I read through Kent Beck’s Extreme Programming Explained these past few days. Extreme programming (XP) has a misleading name. It’s not just about programming, it’s a far reaching software development concept that goes beyond the folks doing the programming. I’ll go over a few things that stood out to me.

Extreme programming is a type of agile software development. Both Extreme and Agile itself stresses the importance of communication. There is this focus on communication because as Kent Beck puts it in the book: technical problems on a project is always a people problem. You help to solve that by communication, whether it’s communicating with your coworkers, manager, other stake holders in the company, or the customer. I’ve used other software development processes in the past and worked on teams where there is a firewall between you and the customer, or just a lack of communication with the customer. Often times the result is delivering something that the customer does not want, far into the project. Solution? Talk early and often.

With that comes the next important thing XP stresses: short feedback cycle. Feedback here means many things. Feedback from people, teammates to customer. This means working in short sprints, one or two weeks. Like the book, I prefer 1 week sprints. I feel that you break down problems finer if you work in 1 week sprints. And you get to communicate this earlier with people. 1 week sprint does not mean that you communicate just once a week. You communicate as often as needed, as early as needed if problems arise.

You also want a short feedback cycle from the code itself: is it doing what you think it’s doing? For code, there are many techniques involved. First is the importance of doing Test Driven Development and having unit tests and actively testing as you go. You don’t wait for the QA team to test, test first to guide you as you develope/design. Also important is integration testing and continuous integration through automation. You want to see if things are working as soon as possible, or if they are breaking as soon as possible. Sometimes this means weekly deployment of production code. Sometimes it means daily.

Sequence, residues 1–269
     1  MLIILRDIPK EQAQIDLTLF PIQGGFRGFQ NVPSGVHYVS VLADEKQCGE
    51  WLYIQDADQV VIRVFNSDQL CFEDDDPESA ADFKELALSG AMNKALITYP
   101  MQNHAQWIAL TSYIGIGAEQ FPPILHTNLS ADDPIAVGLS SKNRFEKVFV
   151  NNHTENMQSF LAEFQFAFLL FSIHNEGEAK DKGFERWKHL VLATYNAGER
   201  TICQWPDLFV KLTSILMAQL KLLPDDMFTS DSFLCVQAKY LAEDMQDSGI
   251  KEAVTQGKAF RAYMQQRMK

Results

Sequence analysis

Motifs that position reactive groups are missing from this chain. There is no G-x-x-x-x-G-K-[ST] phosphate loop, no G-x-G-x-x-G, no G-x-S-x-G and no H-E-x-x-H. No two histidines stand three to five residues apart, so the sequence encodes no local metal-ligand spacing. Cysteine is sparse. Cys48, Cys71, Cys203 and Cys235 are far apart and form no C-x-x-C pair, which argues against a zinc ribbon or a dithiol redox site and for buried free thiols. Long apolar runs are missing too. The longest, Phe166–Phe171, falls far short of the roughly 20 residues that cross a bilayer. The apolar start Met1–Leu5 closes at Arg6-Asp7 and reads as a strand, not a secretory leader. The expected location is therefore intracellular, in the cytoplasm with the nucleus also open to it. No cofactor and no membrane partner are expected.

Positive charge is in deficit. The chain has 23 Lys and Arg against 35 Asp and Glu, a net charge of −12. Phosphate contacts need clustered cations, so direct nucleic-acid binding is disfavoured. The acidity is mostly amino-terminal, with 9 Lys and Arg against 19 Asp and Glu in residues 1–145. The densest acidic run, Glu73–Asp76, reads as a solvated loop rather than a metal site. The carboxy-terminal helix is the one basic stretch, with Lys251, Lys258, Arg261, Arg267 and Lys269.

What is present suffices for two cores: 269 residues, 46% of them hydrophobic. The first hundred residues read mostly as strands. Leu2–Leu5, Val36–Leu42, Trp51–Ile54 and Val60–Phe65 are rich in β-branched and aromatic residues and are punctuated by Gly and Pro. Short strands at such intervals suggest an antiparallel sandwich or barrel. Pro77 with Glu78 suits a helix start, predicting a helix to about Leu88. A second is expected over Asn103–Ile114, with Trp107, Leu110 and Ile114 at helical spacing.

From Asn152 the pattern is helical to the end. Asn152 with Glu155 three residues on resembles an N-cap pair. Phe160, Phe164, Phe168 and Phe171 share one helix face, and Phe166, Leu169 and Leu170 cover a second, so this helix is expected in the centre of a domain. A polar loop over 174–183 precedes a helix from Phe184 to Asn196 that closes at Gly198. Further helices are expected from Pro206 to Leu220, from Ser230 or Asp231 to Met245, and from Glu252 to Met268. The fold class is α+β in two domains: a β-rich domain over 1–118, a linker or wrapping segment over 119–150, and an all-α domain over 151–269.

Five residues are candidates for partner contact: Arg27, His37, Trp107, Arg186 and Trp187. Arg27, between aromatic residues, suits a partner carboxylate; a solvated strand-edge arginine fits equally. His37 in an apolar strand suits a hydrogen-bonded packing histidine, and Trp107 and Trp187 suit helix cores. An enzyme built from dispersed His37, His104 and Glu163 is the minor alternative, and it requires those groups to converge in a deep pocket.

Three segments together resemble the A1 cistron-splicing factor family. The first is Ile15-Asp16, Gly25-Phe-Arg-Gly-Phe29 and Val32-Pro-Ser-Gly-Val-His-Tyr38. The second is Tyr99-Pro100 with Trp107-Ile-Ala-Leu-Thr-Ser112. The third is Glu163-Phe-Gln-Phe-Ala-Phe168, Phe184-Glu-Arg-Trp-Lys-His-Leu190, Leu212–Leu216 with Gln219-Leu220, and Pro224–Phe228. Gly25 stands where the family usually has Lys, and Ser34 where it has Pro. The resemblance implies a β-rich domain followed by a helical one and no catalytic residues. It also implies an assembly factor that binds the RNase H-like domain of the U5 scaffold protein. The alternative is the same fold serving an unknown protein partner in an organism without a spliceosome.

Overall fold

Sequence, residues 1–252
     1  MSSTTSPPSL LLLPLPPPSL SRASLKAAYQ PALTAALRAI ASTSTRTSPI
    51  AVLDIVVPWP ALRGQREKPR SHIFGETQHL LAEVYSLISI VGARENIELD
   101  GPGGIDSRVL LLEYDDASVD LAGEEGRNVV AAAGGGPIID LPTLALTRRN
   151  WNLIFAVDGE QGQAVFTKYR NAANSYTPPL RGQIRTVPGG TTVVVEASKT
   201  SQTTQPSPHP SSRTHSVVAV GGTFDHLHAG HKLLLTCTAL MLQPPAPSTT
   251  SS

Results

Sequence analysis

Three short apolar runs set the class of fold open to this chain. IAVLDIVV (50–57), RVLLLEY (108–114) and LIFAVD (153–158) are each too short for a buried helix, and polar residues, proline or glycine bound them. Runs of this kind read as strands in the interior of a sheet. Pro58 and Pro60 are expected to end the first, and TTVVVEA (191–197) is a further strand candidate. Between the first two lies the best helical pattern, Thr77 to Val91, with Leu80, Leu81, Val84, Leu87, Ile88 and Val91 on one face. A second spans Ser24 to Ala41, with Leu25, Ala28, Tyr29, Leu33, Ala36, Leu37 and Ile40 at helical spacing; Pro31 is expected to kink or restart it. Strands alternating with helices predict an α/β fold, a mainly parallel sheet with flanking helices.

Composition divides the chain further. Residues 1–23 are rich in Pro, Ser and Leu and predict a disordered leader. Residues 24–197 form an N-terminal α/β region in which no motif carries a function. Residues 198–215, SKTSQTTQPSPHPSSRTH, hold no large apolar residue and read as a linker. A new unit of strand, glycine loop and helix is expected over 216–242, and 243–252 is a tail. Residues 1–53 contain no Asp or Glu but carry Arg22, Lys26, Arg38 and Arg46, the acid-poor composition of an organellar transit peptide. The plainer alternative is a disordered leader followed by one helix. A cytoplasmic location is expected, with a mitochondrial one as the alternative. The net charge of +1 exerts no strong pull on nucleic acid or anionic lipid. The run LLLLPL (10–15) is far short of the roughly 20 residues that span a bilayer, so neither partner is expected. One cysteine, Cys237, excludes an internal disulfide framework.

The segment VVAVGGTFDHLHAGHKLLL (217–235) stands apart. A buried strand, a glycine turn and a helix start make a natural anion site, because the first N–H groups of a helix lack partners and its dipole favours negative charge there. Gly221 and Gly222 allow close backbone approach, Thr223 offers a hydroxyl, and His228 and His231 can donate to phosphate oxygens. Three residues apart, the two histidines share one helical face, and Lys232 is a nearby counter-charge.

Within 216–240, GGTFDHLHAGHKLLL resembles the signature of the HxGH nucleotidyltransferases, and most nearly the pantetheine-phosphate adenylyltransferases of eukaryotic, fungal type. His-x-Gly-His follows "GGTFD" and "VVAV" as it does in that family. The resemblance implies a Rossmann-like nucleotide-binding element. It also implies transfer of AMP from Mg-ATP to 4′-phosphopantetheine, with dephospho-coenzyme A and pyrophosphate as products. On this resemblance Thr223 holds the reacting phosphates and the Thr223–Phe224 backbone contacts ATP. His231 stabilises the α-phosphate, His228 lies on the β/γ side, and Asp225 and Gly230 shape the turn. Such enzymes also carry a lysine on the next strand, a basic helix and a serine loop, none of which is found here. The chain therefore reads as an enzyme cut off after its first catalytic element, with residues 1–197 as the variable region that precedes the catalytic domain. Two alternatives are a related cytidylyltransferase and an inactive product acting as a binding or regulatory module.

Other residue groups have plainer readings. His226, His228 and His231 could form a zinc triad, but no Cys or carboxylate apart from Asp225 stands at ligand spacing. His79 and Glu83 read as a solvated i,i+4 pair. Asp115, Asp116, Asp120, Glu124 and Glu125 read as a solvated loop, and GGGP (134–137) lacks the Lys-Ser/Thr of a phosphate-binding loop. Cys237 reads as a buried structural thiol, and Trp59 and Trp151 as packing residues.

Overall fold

With that said about fast feedback, right now I don’t see that with my current client, even though they do weekly scrums. With this client, it’s a fairly large company where there is a clear separation of responsibility: the developers develope, testers test, and builders build/deploy. Feedback is not as fast as it should be because most on the team don’t do unit test so even though code may appear to work, problems are often found much later when it goes to QA or even later when it goes into build.

One last thing I want to talk about is XP’s focus on pair programming. I’ve been pairing for the past 2 months and I’ve come to really like it. When I first heard about pair programming, it felt like it would not be productive. How can 2 guys on 1 keyboard be productive? First time I tried it 2 years ago it was eye opening. I paired for 14 hours straight that day (hard deadline, I think I was at the office 18 hours straight that day, 6am to past midnight). The work done was easily weeks worth if I did it on my own. It was a lot of communication between my boss/mentor and I. A lot of catching each other’s mistakes before we even compile. Saved a lot of time. One drawback was that we didn’t unit test or else it would have been much better. The past 2 months, we’ve been working more or less the XP way. We pair, but we do TDD. The code is clean, focused, with tests to back it up. The contribution we have to the project is significant and we work at a much faster pace than the rest of the team.